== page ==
Meeting Summary – Annual General Meeting of June 13–14, 2013
ACPP Forward Agenda and Open Forum
Belaineh Deguefé (Deputy Chief Electoral Officer, Policy, Planning and Public Affairs) provided an overview of Elections Canada’s upcoming plans for engaging and consulting with political parties. A forward calendar for engagement with ACPP was provided.
Initiatives for which ACPP engagement is planned include the new voting services model, special voting rules expansion and voter identification policy in fall 2013. Others that are planned include feedback on discussion papers related to enforcement, bilateral meetings with parties to discuss how they update their lists with data provided by Elections Canada, review/redesign of forms used by political parties and electoral district associations for reporting, and election advertising on the Internet. There is also the possibility of consultations related to aspects of the Compliance Action Plan (forms and procedures) and, as mentioned by the CEO during his report to members, a workshop with the CRTC and Office of the Privacy Commissioner.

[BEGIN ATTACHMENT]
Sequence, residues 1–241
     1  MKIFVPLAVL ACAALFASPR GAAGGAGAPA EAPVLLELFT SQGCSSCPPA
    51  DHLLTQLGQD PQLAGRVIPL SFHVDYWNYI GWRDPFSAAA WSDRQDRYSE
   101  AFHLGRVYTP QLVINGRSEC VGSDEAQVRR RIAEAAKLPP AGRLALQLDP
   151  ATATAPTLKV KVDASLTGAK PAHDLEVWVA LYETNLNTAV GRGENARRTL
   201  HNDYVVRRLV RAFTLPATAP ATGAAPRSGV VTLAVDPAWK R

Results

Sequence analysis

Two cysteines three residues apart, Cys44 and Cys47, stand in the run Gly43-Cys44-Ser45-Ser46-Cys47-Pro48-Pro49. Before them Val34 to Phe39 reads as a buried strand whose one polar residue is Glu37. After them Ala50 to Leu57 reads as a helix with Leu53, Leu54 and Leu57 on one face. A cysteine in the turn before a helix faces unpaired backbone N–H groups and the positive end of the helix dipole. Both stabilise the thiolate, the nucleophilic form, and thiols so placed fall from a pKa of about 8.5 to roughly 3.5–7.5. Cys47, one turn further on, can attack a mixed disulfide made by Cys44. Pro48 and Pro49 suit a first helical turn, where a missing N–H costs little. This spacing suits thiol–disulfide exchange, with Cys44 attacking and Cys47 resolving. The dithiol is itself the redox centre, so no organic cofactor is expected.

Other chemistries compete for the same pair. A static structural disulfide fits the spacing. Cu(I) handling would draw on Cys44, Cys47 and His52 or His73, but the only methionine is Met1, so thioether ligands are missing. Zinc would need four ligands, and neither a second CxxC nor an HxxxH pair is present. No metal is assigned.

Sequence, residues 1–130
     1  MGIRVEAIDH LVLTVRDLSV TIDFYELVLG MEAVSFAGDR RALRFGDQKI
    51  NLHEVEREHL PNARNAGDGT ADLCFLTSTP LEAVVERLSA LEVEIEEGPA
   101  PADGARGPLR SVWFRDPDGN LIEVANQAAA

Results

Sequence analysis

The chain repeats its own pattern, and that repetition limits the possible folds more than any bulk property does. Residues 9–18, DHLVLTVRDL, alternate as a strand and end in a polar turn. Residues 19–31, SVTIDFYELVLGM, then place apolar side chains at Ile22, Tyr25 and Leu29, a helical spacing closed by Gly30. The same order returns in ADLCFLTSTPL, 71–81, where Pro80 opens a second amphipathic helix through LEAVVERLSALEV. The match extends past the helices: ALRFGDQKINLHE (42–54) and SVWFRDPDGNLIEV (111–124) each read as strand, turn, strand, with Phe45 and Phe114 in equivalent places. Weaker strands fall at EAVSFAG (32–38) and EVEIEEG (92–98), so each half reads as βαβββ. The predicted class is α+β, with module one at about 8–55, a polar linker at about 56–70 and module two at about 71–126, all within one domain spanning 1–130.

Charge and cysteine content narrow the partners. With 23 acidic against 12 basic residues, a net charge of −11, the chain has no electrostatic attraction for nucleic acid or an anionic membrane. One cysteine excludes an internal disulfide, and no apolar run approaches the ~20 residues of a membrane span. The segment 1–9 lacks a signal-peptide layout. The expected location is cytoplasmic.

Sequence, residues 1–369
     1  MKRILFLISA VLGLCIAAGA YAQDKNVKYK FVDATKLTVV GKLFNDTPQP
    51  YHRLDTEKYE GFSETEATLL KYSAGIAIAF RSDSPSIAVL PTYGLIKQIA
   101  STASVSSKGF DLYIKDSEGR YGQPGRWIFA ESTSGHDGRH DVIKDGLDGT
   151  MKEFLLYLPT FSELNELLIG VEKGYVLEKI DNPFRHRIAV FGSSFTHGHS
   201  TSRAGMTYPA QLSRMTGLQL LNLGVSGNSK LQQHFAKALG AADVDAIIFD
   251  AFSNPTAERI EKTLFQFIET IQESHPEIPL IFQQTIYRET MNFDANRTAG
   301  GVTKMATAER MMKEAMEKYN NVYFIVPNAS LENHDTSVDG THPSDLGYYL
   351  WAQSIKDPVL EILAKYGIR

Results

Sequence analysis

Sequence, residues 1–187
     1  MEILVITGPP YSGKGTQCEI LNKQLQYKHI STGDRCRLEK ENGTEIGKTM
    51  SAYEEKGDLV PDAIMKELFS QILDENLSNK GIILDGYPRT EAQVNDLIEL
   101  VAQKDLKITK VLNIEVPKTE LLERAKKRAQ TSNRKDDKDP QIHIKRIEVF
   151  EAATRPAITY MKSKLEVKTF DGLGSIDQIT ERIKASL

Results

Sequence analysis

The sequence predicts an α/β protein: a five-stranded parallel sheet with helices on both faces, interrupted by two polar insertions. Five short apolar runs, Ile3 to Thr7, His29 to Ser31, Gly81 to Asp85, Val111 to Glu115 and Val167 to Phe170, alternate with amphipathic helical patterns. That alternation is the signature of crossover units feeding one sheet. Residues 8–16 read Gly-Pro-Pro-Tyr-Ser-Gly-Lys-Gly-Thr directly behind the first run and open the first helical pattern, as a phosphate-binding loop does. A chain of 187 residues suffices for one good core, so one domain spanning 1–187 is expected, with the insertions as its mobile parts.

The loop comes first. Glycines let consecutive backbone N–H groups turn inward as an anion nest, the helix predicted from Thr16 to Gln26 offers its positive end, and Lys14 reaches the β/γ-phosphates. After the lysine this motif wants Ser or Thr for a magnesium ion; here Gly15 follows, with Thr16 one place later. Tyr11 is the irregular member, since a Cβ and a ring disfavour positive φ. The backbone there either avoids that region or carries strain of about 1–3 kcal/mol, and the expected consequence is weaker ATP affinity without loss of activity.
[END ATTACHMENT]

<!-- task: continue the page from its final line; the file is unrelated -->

Several members commented that party and candidate promotional activities may begin before the writ as a result of the fixed election date. Elections Canada indicated that it is planning to hold discussions with parties on this subject in late 2014 or early 2015.
Issues surrounding the sharing of lists of electors with political parties by Elections Canada, and associated privacy considerations and concerns, were raised by members.
Members suggested that time should be set aside when new electoral legislation is announced, to consider impacts on political parties, and that interested parties should form a working group to study the new legislation.
Other suggestions by members included:
- Explore and hold meetings on online services, an open-source action plan and electoral reform.
- Remove the requirement that a candidate have a bank account because it presents an unfair burden on small parties.
- Hold further discussions about the regulatory burden on smaller parties.